Date of Award

1991

Document Type

Dissertation

Degree Name

Doctor of Philosophy (PhD)

Department

English

First Advisor

James Olney

Abstract

This dissertation, "Questioning Authorship in Twentieth-Century Literary Autobiography," provides readings of narrative autobiographies by some of this century's most prominent and rebellious professional writers. Individual chapters interpret the autobiographies of Jean-Paul Sartre and Richard Wright, Gertrude Stein, Simone de Beauvoir, and Zora Neale Hurston. The autobiographies that I read variously represent the transformation of a writer into an author and collectively problematize the personal and literary authorizations effecting this transformation. I examine how these narratives put into question both processes of authorization and the cultural contexts in which they occur, contexts which, diverse though they are, all valorize and regulate the circulation of literary texts. In contrast to contemporary studies in autobiography and in authorship, my project does not assume the neutrality of the term "author"; instead, I extend research into the differences among writing selves to help account for differences among authors' experiences and perceptions of authorship. Specifically, I illuminate the ways in which authors' race, sexuality, gender, and class positions shape their narrative inquiries into the life-plots of literary authorization. While twentieth-century authorship comes to appear as a broad field of difference through these readings, all four interpretive chapters concern themselves with the differences that gender makes in the authorization process. In addition, I attend to differences among the ambivalent responses that the women autobiographers make to masculine ideologies of authorship.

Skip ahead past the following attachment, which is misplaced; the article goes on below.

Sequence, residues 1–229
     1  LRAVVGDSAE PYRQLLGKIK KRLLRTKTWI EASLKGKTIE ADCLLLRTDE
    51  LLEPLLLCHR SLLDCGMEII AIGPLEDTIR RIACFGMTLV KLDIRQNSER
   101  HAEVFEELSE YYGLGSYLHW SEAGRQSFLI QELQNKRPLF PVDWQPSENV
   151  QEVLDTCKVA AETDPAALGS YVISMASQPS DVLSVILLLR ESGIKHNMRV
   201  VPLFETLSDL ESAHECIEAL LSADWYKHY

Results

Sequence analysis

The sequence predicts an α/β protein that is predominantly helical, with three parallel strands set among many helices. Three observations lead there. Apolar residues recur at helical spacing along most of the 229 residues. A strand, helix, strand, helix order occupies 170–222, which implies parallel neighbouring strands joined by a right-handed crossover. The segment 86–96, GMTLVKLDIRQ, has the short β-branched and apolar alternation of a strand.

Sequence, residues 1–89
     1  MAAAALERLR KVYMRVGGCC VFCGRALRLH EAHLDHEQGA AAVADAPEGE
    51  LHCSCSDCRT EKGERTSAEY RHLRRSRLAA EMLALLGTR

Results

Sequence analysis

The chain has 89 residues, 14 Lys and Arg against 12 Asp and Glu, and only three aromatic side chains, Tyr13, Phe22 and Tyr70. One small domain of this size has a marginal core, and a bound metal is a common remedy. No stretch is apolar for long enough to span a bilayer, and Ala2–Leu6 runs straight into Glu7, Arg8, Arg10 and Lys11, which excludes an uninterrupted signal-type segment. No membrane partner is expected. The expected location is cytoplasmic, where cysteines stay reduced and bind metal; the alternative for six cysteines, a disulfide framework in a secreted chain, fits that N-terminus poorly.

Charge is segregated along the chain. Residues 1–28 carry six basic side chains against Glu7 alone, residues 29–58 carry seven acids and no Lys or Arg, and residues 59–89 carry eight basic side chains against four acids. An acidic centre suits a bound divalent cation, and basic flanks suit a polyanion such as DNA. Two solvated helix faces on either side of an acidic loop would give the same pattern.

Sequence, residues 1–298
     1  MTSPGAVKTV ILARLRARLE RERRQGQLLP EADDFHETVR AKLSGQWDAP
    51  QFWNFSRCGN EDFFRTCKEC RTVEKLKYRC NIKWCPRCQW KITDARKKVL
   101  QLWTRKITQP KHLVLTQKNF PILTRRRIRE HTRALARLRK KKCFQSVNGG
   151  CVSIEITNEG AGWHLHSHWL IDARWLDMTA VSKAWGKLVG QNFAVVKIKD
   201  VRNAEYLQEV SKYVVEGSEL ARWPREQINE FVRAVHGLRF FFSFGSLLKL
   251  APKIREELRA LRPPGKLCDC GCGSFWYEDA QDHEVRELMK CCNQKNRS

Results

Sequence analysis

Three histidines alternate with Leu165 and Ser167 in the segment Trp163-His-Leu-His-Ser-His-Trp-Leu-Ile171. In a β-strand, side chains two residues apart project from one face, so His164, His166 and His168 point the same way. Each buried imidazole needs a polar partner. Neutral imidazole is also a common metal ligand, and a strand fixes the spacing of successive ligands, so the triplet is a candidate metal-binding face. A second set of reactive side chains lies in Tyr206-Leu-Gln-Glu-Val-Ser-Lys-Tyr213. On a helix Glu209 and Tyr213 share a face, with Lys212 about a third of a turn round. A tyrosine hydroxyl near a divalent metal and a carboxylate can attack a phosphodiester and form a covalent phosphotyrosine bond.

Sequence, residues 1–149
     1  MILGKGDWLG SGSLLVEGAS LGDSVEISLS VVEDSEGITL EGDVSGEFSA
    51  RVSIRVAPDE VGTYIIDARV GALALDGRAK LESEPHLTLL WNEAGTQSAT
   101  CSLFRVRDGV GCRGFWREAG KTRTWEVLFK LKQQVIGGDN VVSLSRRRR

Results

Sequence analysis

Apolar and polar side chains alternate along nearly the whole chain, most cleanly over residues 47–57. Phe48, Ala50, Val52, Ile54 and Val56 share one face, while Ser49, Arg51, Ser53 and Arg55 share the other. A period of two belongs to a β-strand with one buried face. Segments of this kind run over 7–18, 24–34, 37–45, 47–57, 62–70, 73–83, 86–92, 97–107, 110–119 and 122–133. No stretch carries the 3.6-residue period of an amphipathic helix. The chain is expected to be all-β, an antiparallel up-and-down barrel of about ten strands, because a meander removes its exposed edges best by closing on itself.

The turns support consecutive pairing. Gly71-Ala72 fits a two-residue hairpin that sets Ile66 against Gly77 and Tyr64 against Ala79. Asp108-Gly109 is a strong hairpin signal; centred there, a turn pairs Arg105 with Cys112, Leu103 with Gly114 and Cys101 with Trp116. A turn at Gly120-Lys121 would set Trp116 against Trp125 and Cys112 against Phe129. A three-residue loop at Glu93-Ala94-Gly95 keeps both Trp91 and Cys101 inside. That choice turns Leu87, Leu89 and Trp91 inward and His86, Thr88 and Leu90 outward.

Pages

362

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